Bridgewater and their magical “system”

After reading "Principles" by Ray Dalio and how Bridgewater uses a "system" for decision making that incorporates lots of parameters and all kinds of econometric models and artificial intelligence, I started to wonder how realistic such a system is. As somebody who has being trading for the past 4 years, I tend to stay away from complicated models due to a fear of overfitting. Additionally, I like Locke's definition of a madman as someone "reasoning correctly from erroneous premises". Every hyperparamter in your model has the potential to create an erroneous premise. So how could any conclusion from a complicated/blackbox model be trusted to make investment decisions?

From the mathematical point of view, the ability to model the world correctly also sounds impossible, if one agrees with the Chaos Theory:

Chaos: When the present determines the future, but the approximate present does not approximately determine the future.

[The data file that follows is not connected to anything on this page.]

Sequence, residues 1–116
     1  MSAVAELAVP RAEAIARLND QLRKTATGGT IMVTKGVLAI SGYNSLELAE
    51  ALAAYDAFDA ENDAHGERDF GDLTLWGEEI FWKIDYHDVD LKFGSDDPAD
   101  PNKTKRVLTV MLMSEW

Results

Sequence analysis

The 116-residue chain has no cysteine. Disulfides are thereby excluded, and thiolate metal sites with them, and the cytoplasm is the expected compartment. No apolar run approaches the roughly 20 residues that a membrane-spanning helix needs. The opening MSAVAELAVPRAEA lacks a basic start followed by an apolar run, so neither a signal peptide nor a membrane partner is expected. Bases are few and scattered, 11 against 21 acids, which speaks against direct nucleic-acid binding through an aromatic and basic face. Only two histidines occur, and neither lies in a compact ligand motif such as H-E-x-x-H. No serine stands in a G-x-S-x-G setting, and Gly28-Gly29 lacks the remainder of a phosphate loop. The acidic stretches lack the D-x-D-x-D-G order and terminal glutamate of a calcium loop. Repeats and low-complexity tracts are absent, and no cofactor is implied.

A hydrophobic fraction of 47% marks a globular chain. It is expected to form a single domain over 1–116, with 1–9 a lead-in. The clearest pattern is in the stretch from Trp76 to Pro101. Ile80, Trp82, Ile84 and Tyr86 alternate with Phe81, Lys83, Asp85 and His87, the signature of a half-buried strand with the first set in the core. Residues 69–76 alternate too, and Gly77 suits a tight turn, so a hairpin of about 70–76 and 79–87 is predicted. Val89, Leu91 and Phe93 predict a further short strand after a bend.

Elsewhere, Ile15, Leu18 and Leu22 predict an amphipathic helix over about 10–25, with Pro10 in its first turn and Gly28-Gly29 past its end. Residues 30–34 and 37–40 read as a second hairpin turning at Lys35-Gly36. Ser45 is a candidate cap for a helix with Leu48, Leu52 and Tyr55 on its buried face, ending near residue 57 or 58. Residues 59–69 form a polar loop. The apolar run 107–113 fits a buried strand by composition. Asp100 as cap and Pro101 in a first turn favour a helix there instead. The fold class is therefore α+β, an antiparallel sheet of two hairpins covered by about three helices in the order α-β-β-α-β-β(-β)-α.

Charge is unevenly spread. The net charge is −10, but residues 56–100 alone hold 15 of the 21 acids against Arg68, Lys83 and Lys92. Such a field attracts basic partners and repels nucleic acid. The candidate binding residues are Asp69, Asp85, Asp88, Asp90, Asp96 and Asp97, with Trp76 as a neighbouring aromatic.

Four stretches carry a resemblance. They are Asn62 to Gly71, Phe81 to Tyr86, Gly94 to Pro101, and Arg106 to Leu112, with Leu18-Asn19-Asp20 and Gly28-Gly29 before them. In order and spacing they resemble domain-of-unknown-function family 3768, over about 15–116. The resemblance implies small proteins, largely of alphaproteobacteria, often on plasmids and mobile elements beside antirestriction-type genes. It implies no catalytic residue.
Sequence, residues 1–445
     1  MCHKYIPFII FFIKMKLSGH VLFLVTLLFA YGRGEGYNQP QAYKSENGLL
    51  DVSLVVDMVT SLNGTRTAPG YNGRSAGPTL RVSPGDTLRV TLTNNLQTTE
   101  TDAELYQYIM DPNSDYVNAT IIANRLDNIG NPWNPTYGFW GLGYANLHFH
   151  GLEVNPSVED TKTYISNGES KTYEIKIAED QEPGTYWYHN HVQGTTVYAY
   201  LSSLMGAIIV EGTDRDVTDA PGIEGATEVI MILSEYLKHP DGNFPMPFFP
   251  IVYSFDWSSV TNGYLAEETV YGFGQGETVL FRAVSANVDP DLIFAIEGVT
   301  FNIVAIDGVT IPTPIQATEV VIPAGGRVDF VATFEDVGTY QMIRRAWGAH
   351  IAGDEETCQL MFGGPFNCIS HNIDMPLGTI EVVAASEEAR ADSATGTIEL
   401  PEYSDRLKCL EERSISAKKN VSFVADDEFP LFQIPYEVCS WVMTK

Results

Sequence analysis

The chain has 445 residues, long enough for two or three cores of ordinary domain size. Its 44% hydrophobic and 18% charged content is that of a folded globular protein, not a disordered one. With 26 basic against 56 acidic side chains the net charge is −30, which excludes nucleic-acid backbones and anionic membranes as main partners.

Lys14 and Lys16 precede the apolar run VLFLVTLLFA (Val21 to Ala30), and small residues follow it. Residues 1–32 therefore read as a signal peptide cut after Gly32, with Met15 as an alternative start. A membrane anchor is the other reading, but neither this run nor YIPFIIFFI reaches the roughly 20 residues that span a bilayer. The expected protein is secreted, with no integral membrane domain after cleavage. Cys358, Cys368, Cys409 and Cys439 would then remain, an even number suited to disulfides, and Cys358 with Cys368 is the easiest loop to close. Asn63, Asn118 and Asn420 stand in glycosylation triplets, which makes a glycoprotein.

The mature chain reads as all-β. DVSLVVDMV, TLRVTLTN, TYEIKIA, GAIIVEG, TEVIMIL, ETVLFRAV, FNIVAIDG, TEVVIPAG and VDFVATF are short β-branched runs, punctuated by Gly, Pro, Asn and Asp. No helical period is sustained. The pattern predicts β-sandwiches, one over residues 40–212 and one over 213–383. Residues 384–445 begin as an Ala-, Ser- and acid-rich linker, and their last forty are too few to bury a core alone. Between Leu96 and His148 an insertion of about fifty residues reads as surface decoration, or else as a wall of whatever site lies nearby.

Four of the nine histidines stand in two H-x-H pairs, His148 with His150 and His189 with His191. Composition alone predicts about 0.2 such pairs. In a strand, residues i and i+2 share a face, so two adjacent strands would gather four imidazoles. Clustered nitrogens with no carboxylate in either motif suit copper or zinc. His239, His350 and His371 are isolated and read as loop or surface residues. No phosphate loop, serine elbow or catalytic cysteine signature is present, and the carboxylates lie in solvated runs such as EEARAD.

— Edward Lorenz.

I always wondered the probability of how much the successes of all those hedge funds and their portfolios that are produced by some "magical" "big data" + "complicated AI" is simply due to market manipulation by big firms buying and holding large amounts of certain assets. Could their success be simply be explained by being "lucky" few times, giving them enough publicity, thus attracting more capital which allows them to have more impact to the supply/demand side of things, making them even more "correct", attracting even more capital and then the positive feedback loop continues? Afterwards it just all gets attributed to this "marvelous system" that they have (which I am sure they believe in themselves too).

Maybe I made a mistake by reading "Fooled by Randomness" by Nassim Taleb and then reading "Principles", so now I am simply projecting…

Anyways, so I was wondering if anyone else had any thoughts on how believable are all those claims by hedge funds that they have some magical crystal ball that lets them see into the future and how much of it is simply market manipulation by "elect" (as voting by putting money) few who simply got lucky initially and attracted enough capital to be in the position?

Submitted November 12, 2020 at 07:15AM by PigException

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